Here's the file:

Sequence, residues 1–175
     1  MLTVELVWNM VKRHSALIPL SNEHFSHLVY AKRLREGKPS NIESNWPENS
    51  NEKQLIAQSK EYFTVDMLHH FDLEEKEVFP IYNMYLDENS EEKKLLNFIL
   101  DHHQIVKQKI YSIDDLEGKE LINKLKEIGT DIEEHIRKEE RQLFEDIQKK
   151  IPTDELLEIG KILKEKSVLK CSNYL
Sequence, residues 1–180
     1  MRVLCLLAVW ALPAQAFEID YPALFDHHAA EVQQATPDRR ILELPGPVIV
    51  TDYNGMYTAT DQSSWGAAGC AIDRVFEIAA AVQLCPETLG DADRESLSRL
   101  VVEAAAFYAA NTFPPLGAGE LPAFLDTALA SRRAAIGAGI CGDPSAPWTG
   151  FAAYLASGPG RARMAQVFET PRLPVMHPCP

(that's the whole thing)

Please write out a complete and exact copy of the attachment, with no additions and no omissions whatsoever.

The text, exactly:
Sequence, residues 1–175
     1  MLTVELVWNM VKRHSALIPL SNEHFSHLVY AKRLREGKPS NIESNWPENS
    51  NEKQLIAQSK EYFTVDMLHH FDLEEKEVFP IYNMYLDENS EEKKLLNFIL
   101  DHHQIVKQKI YSIDDLEGKE LINKLKEIGT DIEEHIRKEE RQLFEDIQKK
   151  IPTDELLEIG KILKEKSVLK CSNYL
Sequence, residues 1–180
     1  MRVLCLLAVW ALPAQAFEID YPALFDHHAA EVQQATPDRR ILELPGPVIV
    51  TDYNGMYTAT DQSSWGAAGC AIDRVFEIAA AVQLCPETLG DADRESLSRL
   101  VVEAAAFYAA NTFPPLGAGE LPAFLDTALA SRRAAIGAGI CGDPSAPWTG
   151  FAAYLASGPG RARMAQVFET PRLPVMHPCP